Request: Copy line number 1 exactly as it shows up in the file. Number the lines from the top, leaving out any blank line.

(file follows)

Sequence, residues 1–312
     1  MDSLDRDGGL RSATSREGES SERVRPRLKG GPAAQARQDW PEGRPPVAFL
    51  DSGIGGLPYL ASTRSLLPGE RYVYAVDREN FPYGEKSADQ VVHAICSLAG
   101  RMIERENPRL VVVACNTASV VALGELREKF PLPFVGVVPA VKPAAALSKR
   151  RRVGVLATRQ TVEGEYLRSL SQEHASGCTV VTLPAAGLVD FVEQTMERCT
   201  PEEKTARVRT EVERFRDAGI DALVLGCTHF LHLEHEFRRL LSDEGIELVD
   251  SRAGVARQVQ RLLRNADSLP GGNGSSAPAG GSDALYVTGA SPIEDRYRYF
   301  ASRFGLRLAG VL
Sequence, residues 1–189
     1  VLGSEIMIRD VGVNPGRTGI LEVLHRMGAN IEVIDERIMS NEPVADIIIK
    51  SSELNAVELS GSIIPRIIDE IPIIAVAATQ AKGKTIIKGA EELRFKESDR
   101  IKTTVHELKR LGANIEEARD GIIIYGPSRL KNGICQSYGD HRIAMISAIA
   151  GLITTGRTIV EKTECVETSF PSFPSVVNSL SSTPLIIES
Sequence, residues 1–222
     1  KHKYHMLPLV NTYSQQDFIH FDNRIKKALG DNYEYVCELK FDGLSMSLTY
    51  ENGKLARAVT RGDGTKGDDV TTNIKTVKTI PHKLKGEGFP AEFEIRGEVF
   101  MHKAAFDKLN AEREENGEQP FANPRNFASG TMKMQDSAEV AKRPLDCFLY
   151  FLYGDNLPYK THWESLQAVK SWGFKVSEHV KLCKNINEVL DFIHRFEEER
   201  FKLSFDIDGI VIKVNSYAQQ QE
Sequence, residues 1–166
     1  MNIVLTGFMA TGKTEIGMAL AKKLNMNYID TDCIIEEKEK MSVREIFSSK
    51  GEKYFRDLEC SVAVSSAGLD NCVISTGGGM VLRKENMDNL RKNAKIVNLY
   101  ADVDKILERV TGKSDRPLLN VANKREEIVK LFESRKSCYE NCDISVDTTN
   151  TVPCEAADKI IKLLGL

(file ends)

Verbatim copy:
Sequence, residues 1–312